I am immediately assaulted by a tremendous wave of heat and noise. It is, according to a friendly, more experienced, parent, who confirmed this for me later on, akin to Dante’s Inferno.  There are swarms and swarms of squealing children in the pool with an army of blue-T-shirt clad swimming instructors. There is a crowd of disgruntled parents hovering by the side of the pool. There are absolutely no pleasant or remotely roomy places to park myself and my two little ones who have to wait while big boy does his stuff.

And the heat, did I mention the heat.

There is nothing tolerable about this, I mutter to myself, carrying my fabulously heavy one-year-old whose cheeks are already turning bright red. We are all wearing winter clothing, apart from being barefoot.

In the veritable sea of little people splashing about in the pool, I eventually identify big boy’s swimming class, and drop him off.

We are ten minutes late for a thirty minute class.

I collapse on a narrow bench with the other two, and feel sweat prickling from every pore in my body. Baby is in danger of becoming dehydrated. I rip layers of clothing off all of us, and play Teletubbies and The Wheels on the Bus go Round and Round on an endless loop on my mobile phone in a vain attempt to prevent her from wriggling off me and toddling straight into the swimming pool.

The hothouse nightmare finally ends 20 minutes later.

We stagger back to the tightly packed changing room. I dump baby back into the buggy. I attempt to shower big boy and become half drenched in the process.

We finally step outside into the cool wintry day again. I breathe in deep breaths of fresh Mill Hill oxygen and feel an all-enveloping sense of gratitude for fresh air, the universe and all things good.

I then remember the 748 steps we have to climb to get back to the car.

 

 

An afternoon in soft play hell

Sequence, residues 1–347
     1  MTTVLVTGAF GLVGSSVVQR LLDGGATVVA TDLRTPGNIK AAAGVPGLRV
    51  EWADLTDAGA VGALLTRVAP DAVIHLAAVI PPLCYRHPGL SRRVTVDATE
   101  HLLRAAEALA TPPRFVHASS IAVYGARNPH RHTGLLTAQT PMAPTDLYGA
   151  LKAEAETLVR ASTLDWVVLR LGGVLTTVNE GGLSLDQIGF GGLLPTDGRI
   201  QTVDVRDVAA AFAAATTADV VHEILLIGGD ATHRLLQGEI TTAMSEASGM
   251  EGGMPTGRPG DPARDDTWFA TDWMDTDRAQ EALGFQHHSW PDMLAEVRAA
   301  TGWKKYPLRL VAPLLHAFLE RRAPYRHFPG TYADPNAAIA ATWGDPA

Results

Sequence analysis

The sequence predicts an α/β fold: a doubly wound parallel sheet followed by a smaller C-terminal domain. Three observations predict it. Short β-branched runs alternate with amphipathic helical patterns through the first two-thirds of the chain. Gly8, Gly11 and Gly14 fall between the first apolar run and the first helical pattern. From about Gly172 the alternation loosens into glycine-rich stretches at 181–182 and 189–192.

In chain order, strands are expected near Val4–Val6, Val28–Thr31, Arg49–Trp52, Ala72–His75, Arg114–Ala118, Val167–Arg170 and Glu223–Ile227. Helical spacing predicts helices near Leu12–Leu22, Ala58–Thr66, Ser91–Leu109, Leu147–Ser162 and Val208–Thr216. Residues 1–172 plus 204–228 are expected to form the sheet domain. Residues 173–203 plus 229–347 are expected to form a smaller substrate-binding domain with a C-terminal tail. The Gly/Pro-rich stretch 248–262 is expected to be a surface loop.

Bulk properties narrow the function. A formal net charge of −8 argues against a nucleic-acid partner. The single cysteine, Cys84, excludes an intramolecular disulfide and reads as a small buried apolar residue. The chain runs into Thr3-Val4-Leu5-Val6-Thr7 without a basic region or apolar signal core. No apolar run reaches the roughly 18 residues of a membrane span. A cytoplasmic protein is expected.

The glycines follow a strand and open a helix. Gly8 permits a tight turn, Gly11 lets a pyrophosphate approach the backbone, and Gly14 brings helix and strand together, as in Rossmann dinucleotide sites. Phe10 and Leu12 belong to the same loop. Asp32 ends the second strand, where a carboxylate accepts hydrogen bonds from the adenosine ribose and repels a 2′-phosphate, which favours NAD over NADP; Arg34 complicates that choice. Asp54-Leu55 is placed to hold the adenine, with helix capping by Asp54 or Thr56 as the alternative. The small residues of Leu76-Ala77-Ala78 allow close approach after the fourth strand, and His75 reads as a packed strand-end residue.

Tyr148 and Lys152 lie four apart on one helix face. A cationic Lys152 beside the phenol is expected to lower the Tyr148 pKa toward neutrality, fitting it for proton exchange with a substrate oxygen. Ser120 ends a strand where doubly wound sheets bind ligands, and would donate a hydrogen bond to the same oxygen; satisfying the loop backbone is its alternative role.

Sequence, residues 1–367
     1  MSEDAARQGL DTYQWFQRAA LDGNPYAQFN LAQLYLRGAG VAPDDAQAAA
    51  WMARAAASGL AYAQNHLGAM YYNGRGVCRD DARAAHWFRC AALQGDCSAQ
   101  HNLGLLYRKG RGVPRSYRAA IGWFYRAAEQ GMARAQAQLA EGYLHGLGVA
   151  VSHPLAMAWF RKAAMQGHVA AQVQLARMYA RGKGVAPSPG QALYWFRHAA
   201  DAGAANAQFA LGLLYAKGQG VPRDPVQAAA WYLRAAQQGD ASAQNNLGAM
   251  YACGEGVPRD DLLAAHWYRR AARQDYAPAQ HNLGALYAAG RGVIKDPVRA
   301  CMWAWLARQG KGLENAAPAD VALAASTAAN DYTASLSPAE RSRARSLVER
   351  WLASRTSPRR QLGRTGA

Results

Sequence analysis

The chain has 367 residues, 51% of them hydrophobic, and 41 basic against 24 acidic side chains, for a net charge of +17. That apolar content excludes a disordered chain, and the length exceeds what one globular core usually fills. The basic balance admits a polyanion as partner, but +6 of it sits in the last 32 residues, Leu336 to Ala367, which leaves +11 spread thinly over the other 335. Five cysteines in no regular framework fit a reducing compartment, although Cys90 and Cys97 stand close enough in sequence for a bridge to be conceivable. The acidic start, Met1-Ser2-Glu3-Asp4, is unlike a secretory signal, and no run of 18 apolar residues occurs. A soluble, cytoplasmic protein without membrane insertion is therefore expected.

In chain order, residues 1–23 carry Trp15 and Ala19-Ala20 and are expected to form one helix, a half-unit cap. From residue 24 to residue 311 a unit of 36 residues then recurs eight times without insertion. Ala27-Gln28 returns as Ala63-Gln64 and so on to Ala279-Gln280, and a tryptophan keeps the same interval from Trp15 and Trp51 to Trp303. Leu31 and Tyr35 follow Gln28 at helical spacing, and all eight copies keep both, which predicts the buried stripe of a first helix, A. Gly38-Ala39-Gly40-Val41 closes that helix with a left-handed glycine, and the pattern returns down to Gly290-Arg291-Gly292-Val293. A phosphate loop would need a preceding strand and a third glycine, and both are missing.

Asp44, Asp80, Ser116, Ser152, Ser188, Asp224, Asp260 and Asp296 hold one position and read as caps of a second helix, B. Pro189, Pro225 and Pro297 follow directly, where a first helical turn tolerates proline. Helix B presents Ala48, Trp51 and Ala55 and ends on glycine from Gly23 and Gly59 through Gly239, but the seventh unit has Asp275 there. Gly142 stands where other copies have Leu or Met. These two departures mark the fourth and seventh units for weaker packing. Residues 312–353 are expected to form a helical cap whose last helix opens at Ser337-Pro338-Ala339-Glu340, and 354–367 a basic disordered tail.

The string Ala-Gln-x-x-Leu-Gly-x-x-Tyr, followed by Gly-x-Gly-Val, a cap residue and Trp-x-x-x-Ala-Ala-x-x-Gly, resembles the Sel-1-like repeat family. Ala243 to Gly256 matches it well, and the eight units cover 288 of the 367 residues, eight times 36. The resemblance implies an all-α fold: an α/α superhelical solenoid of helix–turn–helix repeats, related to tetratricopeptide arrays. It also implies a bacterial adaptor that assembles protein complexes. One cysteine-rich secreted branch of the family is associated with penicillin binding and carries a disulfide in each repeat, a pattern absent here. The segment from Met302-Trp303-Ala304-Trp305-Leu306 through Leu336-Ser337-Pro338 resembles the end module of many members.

7 Jan

It’s two days before the end of the winter holidays and bucketing down outside. Any inspiration for coming up with yet another edifying cultural activity to take the little ones to long gone, there’s nothing for it, an afternoon at soft play hell beckons.

Naively convincing myself that surely a lot of other schools must have already gone back, I blithely drive into the car park of a large, popular soft play located not far from us in North West London.

And then proceed to drive straight out of the positively rammed, full to beyond capacity car park immediately thereafter, my heart plummeting fast.

Out of the corner of my horrified eye, I see something that looks like a queue spilling out into the rain at the entrance to the soft play, but quickly convince myself that surely this must have been a mirage.

We park at the first available spot several hundred metres away in a nearby giant supermarket car park. We trudge back up, bumping the buggy over the potholes and    humps in the road, inching our way round large puddles, all the while as the skies pour down on us.

We arrive at the door to see there is indeed a very real, very tangible queue of harassed looking parents and their restless offspring spilling out into the rain.

Notice on the door to soft play hell:

dav

I look in my purse, I have approximately 37 pence made up of 1 p and 2 p coins in cash, alongside an armada of credit cards crying out to be used.

Cursing all manner of deities, I wearily trudge off again, this time down a dreary alleyway snaking round the backside of the giant supermarket with my three bedraggled small people in tow in search of a cash machine.

Cash duly acquired, we enter soft play.  We are welcomed with gaiety:

dav